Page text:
Somehow, Nashville escaped and plotted a course to Charleston. When Whittle neared the harbor’s entrance, he noted that it was heavily blockaded and decided to make for Georgetown, South Carolina. When Nashville neared the entrance to Winyah Bay, he noticed more blockaders and stopped his ship before they disappeared over the horizon. As Whittle tried to enter the bay, Nashville ran aground. Confederate soldiers guarding the coastline hailed the steamer and Whittle replied, “This is the Confederate States steamer Nashville.”


Brig. Gen. Arthur Middleton Manigault, CSA,
before 1886. Photographer unknown.
Public domain.

The soldiers could not believe that it was the famous commerce raider. Accordingly, the steamer’s commander met with Colonel Arthur Manigault, commander of the 10th South Carolina Infantry, who was also head of the First South Carolina Military District headquartered at Georgetown. Manigault provided Whittle with a pilot and Nashville reached Georgetown. Once there, Whittle entrained to Richmond where he met with Confederate Secretary of the Navy Stephen Russell Mallory. Whittle was then sent to Charleston where he turned the ship over to the buyers, Fraser, Trenholm & Company. Renamed Thomas L. Wragg, the vessel was a successful blockade runner until trapped in Savannah in late 1862. [17]


The CSS Nashville was a unique ship. The steamer received the first naval fire during the Civil War, was the first Confederate commerce raider to serve in the North Atlantic, and the first Confederate warship to be recognized by Great Britain. This paddlewheeler was poorly armed; yet extremely fast, enabling Nashville to run the blockade five times. This warship was a symbol of the fledgling Confederate navy’s efforts to gain recognition from European powers.

Blockade Running on Board Confederate S.S. Nashville. Watercolor, 1861. Earl of Dunsmore, artist. The Mariners’ Museum 1936.1443.000001

Once in Georgetown, South Carolina, the steamer became a successful blockade runner, Thomas L. Wragg. Once the runner was trapped near Savannah, it was sold to become the privateer Rattlesnake until destroyed in 1863 by the ironclad USS Montauk. Nevertheless, the original CSS Nashville served the Confederacy well and remained a commerce raider laden with laurels in the early days of the war.


1 Paul H. Silverstone, Civil War Navies, Annapolis, Maryland: Naval Institute Press, 2001,p.160.

2 Virgil Carrington Jones, The Civil War at Sea: The Blockaders, vol. 1, New York: Holt, Rinehart and Winston, 1960, p. 74.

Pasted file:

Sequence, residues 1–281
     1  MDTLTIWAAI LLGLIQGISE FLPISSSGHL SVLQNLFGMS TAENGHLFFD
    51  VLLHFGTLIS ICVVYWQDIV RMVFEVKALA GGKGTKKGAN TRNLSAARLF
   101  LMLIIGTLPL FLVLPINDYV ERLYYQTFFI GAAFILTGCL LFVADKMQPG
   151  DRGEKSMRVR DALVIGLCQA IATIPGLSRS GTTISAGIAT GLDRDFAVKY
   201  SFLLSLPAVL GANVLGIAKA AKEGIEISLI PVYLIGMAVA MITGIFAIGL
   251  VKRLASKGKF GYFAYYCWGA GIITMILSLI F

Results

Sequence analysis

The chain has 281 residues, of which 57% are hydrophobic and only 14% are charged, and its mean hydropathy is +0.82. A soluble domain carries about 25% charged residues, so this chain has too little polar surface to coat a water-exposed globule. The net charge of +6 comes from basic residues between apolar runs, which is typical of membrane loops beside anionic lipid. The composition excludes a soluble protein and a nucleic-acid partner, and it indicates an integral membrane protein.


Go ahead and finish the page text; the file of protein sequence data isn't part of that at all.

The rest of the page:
4 Explanatory note: Many refer to Nashville’s armament as two 12-pounder brass howitzers. Pegram details the armament in his official report (ORN, p. 748) stating that Nashville had two 6-pounders in pivot near the bow. Nevertheless, Silverstone (p. 160) and Scharf (p. 785) state otherwise.

5 J. Thomas Scharf, History of the Confederate Navy: From Its Organization to the Surrender of Its Last Vessel. New York: Gramercy Books, 1996, p. 785

6 Patricia L.Faust, ed. Historical Times Illustrated Encyclopedia of the Civil War. New York: Harper & Row,1986, pp. 762 and 827.

7 Scharf, p.785.

8 Official Records of the Union and Confederate Navies in the War of the Rebellion. (Hereinafter known as ORN), series I, vol.1, Washington: Government Printing Office, 1894, p. 746.

9 Ibid. p. 748.

10 Silverstone, p. 24.

11 Faust, p. 191.

12 ORN, p. 746

13 Ibid, p. 747.

14 Ibid

15 Ibid, p. 748

16 R.A. Brock, ed. The Southern Historical Society Papers. vol. XXXVIII, “Cruise of the Confederate States Steamer Nashville.” Richmond, Virginia: The Southern Historical Society, 1910, p. 334.

17 Ibid, p.336.


Brock, R.A., Ed. The Southern Historical Society Papers, Ser. 1. Vol. 1. “Cruise of the Confederate States Steamer Nashville, ” Richmond, Virginia: The Southern Historical Society,1910.

Faust, Patricia L., Ed. Historical Times Illustrated Encyclopedia of the Civil War. New York: Harpers & Row, 1986.

Jones, Virgil Carrington. The Civil War at Sea: The Blockaders, Volume I. New York: Holt, Rinehart and Winston, 1960.

Official Records of the Union and Confederate Navies in the War of the Rebellion, Series 1, Volume 1. Washington: Government Printing Office. 1894.

Scharf, J. Thomas. History of the Confederate Navy: From Its Organization to the Surrender of Its Last Vessel. New York: Gramercy Books, 1996.

Silverstone, Paul H. Civil War Navies: 1855-1883. Annapolis, Maryland: Naval Institute Press, 2001.